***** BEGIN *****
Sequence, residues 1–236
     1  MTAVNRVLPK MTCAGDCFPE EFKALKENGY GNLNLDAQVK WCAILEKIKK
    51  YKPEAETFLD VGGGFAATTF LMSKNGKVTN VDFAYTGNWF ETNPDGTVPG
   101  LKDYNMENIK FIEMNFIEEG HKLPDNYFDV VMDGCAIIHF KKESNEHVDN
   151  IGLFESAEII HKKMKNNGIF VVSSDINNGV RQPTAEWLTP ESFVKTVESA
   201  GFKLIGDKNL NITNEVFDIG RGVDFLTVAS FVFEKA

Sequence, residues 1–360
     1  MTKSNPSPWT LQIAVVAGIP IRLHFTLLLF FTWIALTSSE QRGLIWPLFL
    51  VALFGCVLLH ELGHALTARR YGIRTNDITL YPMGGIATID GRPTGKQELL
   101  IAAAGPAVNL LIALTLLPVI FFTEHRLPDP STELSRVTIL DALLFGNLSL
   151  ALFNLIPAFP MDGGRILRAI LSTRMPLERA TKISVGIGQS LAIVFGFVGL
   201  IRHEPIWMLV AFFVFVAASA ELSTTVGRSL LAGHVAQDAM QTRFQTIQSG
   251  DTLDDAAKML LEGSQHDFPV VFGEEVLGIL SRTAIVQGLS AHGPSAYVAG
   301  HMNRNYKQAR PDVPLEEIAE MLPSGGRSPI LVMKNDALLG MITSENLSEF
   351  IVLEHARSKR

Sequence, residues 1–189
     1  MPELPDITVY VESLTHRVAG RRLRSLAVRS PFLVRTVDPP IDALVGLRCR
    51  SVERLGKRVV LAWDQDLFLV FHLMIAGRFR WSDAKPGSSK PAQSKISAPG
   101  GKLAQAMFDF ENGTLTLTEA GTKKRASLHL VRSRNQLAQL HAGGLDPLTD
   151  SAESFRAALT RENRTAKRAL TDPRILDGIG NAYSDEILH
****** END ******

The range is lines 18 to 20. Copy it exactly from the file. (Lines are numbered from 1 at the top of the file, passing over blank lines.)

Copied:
    51  SVERLGKRVV LAWDQDLFLV FHLMIAGRFR WSDAKPGSSK PAQSKISAPG
   101  GKLAQAMFDF ENGTLTLTEA GTKKRASLHL VRSRNQLAQL HAGGLDPLTD
   151  SAESFRAALT RENRTAKRAL TDPRILDGIG NAYSDEILH